What’s the job?

Theatre performer.

Who would I be working for?

Most actors are self-employed, so technically you’ll be working for yourself. But once you’re in a show, you’ll be hired by the production company and get a contract.

What do they do?

Oh, you don’t need to ask that question, do you?! They act, sing, dance and generally entertain anyone who goes to the theatre.

What sort of work is involved?

  • Rehearsals, rehearsals, rehearsals! Even once the show starts, you will probably be required to rehearse throughout the day to make sure that any new actors are up to scratch with the show, or perhaps rework a part of the show that isn’t working as well as it should.
  • But before you step into the rehearsal room, you’ll need to have researched the character and learnt your lines.
  • You’ll have to attend costume fittings so the wardrobe department can make sure that they fit perfectly and do any alterations that are needed.
  • While the show is going on, you may need to prepare for and travel to other auditions for future work.
  • You may also have to do promotional work for the show, such as doing interviews with journalists.

What skills do I need?

  • Acting talent and the ability to try new styles.
  • A strong singing voice, if you want to do musicals.
  • Dancing ability, preferably in lots of different styles. Ballet, jazz and tap are very common and a requirement for lots of musical shows.
  • You’ll need to be very disciplined and resilient to rejection from casting directors. Each show only has a certain number of roles, so even the very best don’t always get the parts they want.
  • An excellent memory to learn scripts and songs – usually, you’ll need to learn these quickly.
  • Determination and persistence.
  • If you play an instrument, this is very helpful. Some shows ask actors to play instruments live on stage.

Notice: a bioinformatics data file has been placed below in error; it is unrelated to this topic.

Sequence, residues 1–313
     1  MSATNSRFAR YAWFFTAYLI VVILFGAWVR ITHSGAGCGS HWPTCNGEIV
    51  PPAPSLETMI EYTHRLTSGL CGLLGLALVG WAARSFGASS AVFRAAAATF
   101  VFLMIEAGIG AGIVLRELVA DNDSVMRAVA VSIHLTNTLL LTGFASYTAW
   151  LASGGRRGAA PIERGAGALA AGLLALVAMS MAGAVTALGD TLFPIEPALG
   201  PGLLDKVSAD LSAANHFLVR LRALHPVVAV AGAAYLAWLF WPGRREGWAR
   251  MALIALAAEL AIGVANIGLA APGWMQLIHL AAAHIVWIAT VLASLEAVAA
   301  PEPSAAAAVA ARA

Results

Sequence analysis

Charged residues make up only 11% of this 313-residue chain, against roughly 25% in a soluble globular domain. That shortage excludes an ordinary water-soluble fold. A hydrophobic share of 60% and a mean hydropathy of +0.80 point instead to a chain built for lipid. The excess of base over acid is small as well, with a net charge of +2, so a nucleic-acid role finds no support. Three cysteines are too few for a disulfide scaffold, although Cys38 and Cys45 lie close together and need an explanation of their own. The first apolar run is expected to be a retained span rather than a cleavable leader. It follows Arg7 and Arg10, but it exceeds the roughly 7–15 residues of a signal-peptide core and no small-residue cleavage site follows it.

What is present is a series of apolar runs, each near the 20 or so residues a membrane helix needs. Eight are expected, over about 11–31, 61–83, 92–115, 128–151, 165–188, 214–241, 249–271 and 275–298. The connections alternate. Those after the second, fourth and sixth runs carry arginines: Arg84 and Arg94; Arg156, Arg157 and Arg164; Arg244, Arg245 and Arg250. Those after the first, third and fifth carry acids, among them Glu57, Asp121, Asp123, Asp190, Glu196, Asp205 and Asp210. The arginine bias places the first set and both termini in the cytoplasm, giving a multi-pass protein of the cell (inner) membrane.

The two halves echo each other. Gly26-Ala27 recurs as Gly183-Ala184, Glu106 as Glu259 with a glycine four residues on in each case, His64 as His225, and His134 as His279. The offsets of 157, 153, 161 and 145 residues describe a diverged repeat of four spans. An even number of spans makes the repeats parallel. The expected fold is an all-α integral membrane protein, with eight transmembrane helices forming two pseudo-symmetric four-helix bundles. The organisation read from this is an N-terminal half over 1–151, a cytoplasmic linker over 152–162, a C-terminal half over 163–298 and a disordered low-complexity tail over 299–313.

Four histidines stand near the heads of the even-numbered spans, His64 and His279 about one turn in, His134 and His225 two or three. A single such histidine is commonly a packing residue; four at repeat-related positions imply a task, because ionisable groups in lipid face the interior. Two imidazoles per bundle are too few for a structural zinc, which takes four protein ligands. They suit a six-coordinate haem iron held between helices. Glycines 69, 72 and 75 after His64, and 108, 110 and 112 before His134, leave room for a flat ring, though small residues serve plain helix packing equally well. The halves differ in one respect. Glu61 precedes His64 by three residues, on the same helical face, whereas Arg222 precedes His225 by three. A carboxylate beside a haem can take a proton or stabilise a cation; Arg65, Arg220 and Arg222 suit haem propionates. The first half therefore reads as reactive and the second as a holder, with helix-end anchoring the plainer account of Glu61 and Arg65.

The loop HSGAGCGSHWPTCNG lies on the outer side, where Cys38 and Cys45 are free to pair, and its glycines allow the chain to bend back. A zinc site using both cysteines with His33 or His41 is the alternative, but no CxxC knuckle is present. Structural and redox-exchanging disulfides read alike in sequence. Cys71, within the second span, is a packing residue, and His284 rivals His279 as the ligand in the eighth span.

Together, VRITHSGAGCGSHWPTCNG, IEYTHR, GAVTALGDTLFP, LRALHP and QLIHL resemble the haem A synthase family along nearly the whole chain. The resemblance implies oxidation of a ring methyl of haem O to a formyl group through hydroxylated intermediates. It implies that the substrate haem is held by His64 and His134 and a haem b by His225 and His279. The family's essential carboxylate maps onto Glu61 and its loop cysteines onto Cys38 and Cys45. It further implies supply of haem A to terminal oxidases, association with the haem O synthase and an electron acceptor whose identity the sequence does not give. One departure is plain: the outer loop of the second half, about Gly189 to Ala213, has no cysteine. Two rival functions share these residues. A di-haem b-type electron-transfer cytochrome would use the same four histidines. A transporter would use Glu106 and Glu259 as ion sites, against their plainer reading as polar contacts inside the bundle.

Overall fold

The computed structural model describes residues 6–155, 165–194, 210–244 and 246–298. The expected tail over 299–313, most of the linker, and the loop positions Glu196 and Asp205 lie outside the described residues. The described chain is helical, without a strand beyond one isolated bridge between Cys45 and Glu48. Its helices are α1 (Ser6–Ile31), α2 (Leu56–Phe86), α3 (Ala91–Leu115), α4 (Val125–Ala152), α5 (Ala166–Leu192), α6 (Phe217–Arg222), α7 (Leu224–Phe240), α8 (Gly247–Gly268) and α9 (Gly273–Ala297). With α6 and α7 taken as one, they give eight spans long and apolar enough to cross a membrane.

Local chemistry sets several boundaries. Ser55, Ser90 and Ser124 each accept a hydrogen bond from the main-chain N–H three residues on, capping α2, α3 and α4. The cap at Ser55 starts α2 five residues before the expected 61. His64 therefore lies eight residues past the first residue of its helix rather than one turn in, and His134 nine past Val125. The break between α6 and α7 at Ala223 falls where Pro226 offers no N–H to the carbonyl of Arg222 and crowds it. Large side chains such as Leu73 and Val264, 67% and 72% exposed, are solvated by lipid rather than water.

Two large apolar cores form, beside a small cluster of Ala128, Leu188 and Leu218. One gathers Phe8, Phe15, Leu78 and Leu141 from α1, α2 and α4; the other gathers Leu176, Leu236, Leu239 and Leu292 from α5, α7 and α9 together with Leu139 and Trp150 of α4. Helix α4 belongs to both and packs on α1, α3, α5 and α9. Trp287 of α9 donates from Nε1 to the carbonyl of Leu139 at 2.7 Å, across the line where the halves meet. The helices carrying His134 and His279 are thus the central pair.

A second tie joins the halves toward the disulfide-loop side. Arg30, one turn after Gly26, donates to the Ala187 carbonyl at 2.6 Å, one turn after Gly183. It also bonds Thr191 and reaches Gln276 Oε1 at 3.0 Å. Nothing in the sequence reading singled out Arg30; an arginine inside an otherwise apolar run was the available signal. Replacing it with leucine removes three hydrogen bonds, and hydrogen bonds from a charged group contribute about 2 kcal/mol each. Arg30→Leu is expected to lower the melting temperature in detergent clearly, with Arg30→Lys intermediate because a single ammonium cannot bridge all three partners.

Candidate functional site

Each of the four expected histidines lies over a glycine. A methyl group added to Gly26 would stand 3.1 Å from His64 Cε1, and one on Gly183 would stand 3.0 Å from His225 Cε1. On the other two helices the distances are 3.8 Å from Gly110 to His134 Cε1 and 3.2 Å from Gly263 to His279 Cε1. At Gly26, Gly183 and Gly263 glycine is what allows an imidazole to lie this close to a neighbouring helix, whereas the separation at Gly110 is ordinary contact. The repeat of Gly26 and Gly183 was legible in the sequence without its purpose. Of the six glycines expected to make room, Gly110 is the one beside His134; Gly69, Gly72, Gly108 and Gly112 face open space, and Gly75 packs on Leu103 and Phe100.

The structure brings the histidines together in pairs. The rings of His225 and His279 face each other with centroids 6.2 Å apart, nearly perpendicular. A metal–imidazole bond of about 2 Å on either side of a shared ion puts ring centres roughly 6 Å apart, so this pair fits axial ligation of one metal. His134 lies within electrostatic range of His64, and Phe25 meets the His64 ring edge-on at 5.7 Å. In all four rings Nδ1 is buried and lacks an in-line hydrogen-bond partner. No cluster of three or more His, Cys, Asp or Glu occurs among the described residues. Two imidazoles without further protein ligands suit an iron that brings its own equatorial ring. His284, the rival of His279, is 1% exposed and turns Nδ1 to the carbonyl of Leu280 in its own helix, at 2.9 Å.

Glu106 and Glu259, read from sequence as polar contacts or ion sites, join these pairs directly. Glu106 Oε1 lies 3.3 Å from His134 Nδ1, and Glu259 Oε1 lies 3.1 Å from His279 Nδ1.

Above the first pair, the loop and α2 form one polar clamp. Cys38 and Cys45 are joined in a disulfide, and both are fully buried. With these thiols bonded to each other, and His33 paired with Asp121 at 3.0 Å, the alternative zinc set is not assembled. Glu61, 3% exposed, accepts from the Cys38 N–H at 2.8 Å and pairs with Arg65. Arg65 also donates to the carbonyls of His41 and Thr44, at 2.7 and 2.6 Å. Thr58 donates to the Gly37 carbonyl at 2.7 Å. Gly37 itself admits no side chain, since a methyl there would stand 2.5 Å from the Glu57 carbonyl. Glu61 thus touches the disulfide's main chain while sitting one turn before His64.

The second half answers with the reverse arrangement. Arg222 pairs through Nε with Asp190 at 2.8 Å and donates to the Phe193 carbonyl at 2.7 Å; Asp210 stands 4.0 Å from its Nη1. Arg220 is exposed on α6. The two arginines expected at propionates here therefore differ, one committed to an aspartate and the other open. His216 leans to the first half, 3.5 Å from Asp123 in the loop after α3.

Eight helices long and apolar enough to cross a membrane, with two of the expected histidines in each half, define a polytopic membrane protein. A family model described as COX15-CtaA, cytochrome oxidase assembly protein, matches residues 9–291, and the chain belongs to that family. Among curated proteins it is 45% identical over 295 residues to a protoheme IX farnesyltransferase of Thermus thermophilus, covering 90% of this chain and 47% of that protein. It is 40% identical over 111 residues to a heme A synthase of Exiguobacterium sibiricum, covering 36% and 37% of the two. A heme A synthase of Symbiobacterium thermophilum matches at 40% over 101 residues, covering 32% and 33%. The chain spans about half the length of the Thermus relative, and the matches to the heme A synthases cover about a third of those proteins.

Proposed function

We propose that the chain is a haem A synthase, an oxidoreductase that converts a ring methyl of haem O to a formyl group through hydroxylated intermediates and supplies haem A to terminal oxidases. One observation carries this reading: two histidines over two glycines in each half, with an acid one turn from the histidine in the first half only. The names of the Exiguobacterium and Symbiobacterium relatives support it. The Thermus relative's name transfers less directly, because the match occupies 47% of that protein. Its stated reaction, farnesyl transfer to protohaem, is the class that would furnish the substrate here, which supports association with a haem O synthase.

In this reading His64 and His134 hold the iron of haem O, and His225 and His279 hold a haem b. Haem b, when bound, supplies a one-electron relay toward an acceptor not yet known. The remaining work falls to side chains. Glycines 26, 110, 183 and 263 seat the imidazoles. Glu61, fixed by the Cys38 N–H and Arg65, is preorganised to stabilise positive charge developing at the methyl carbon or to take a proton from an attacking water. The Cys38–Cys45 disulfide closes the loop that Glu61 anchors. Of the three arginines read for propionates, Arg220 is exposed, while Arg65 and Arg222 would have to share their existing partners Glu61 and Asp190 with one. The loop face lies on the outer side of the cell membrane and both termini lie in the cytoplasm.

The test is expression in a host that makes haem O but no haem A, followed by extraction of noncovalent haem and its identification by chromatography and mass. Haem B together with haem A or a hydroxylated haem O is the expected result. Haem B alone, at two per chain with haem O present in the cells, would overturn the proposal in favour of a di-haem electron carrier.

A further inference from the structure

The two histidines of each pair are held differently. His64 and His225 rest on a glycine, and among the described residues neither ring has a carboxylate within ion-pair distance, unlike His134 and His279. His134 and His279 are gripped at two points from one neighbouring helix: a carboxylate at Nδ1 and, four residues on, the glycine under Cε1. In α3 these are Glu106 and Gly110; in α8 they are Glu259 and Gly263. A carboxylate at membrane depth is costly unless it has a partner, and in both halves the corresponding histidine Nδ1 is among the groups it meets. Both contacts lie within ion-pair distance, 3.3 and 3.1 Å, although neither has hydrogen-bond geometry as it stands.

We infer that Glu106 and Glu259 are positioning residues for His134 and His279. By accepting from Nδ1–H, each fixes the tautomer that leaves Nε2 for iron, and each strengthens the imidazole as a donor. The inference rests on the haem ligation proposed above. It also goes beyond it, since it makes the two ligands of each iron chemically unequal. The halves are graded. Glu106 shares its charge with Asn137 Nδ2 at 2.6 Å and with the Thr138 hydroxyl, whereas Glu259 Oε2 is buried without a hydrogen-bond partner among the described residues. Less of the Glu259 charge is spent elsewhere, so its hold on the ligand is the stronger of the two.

• Any other talents you have, such as juggling, tumbling and gymnastics, might come in useful for different shows.

What qualifications do I need?

Most actors will have spent time training at a drama school before going on to professional jobs. But with talent, luck, determination and experience of working with a company and on stage, you can find work without training.

What hours would I work?

The hours in the role can be long and irregular, with shows taking place most evenings in the week. You may also have to perform in daytime shows (called matinees). Rehearsals and auditions take place during the day, so you’ll need time to travel to jobs and auditions, too. If you are part of a touring production, you can be away from home for a long time. Even though the hours are long, if you love theatre, you won’t mind it at all!

Where would I work?

In a theatre or on a film or TV set.

How much would I get paid?

There is no set income for actors, and only the best and well-known actors earn a high salary. However, there is a union called Equity that supports actors and sets a minimum rate of pay for the UK’s theatres – if you’re performing in a large theatre you’ll get more, and London theatres pay more, too.

Can I do work experience?

The best thing about acting is you can get work experience anywhere! There are lots of acting classes that you can attend in the evenings or at the weekend, or you can even learn acting skills from your computer, via videos on YouTube. Make sure you take part in your school shows and local amateur shows to gain real, on-stage experience. These will build your confidence and you can learn lots from the other actors.

How might the job change in the future?

Theatre, film and TV will almost certainly always be in our world, so this career is unlikely to change much in the future. Whether you’re acting in a theatre, a film or a TV advert or soap, the arts industry will always have jobs available.